2003/11 – Yulara (Northern Territory) – Nitrate, pH

My location
Get Directions

Yulara (Northern Territory) – Nitrate

2009/10: Yulara Nitrate 52mg/L

2010/11: Yulara Nitrate 52mg/L

Nitrate: ADWG Guideline 50mg/L. Nitrate is the product of oxygenated nitrogen created from the breakdown of organic matter; lightning strikes; inorganic pesticides; or explosives. The Australian Drinking Water Guidelines recommend that nitrate levels between 50-100mg/L are a health consideration for infants less than three months, although levels up to 100mg/L can be safely consumed by adults. Mainly a problem in Northern Territory and some communities in Western Australia.

Yulara (Northern Territory) – pH (acidic)

2003/04: Yulara pH 6.5

Based on the need to reduce corrosion and encrustation in pipes and fittings, the pH of
drinking water should be between 6.5 and 8.5.

New concrete tanks and cement-mortar lined pipes can significantly increase pH and
a value up to 9.2 may be tolerated, provided monitoring indicates no deterioration in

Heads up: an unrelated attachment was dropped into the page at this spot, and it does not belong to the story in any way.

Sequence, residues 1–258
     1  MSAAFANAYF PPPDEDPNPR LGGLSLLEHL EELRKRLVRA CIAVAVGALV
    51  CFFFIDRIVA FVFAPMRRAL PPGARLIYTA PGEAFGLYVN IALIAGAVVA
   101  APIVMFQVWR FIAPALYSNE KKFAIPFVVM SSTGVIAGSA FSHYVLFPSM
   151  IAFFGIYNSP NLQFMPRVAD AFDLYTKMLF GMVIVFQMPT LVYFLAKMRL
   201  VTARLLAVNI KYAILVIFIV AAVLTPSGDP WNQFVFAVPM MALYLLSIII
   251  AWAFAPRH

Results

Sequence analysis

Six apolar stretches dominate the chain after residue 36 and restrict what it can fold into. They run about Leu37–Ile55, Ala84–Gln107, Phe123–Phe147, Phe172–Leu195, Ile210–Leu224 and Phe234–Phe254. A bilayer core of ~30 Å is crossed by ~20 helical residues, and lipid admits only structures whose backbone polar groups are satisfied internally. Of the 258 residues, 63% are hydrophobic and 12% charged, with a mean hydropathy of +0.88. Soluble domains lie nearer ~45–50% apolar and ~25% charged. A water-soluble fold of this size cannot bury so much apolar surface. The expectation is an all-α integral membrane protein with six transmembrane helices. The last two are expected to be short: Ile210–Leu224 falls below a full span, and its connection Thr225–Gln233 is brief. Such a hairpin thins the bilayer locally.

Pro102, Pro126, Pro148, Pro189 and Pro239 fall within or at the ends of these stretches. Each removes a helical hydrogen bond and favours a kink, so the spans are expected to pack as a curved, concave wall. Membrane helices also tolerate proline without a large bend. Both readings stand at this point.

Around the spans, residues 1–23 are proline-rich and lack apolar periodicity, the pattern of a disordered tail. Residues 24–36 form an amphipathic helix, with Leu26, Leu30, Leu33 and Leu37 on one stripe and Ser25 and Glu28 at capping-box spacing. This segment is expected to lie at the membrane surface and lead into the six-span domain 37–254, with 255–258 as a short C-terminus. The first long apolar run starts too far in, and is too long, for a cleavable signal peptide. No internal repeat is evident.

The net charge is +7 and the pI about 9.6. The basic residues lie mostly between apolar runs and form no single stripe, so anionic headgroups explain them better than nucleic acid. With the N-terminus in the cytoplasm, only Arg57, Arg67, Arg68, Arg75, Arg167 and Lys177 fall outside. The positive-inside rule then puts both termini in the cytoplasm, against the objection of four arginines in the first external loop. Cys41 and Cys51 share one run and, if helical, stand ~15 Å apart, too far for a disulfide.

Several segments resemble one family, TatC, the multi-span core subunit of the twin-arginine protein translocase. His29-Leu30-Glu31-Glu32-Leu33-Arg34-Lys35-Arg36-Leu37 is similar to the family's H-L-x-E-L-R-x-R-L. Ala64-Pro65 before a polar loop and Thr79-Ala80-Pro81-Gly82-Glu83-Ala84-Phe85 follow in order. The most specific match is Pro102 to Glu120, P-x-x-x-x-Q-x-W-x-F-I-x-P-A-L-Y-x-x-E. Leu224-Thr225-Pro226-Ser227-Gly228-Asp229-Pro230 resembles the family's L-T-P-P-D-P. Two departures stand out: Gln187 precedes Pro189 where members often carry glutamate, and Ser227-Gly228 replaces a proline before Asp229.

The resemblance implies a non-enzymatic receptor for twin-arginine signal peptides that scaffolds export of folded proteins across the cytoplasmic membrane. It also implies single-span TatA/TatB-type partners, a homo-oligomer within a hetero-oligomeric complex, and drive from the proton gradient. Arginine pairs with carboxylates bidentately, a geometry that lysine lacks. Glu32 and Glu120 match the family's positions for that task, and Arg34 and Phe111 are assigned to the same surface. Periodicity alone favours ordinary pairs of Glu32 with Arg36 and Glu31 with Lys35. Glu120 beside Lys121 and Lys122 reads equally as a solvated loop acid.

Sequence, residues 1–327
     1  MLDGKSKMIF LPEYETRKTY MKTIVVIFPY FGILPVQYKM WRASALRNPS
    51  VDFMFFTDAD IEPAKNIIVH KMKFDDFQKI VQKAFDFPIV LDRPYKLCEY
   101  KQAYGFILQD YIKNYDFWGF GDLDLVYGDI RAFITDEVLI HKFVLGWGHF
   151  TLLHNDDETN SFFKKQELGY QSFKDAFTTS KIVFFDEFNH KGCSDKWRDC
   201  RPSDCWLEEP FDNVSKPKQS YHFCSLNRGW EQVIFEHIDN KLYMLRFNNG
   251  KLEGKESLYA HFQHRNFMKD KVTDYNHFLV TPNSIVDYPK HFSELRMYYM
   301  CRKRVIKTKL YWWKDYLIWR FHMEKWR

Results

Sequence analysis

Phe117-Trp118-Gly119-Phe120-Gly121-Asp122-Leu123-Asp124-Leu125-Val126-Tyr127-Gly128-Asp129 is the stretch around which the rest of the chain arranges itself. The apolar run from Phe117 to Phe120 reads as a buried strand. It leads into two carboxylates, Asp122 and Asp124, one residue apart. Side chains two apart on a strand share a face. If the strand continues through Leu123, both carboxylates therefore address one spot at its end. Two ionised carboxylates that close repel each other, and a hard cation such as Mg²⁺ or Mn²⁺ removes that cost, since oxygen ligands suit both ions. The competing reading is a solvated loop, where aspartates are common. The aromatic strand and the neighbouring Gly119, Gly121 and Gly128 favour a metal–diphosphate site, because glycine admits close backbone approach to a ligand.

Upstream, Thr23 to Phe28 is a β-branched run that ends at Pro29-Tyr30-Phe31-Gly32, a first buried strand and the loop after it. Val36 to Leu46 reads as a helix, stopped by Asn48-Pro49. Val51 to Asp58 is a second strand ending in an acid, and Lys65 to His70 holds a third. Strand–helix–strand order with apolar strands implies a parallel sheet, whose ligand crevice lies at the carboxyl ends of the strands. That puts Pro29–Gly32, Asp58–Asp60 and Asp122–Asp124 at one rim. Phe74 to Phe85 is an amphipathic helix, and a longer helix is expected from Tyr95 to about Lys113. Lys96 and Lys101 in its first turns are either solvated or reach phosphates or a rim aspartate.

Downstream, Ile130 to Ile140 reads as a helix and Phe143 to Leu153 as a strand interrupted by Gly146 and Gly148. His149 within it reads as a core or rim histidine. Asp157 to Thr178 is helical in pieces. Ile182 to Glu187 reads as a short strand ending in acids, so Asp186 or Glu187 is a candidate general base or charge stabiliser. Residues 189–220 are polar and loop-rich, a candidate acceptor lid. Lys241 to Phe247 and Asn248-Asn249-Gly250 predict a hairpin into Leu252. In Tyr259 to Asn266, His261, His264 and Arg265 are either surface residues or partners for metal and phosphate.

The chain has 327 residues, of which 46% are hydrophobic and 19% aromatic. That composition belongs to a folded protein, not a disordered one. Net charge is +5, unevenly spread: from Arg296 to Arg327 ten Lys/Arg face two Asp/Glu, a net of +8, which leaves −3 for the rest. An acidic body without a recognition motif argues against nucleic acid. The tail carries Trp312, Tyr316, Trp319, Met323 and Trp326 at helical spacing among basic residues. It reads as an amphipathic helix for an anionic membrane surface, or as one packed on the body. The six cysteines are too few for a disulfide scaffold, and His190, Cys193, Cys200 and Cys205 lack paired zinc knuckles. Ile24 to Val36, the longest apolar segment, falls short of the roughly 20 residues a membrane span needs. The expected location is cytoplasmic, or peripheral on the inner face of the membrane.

microbiological quality.

pH is a measure of the hydrogen ion concentration of water. It is measured on a logarithmic scale from 0 to 14. A pH of 7 is neutral, greater than 7 is alkaline, and less than 7 is acidic.

One of the major objectives in controlling pH is to minimise corrosion and encrustation in pipes and fittings. Corrosion can be reduced by the formation of a protective layer of calcium carbonate on the inside of the pipe or fitting, and the formation of this layer is affected by pH, temperature, the availability of calcium (hardness) and carbon dioxide. If the water is too alkaline (above pH 8.5), the rapid deposition and build-up of calcium carbonate that can result may eventually block the pipe.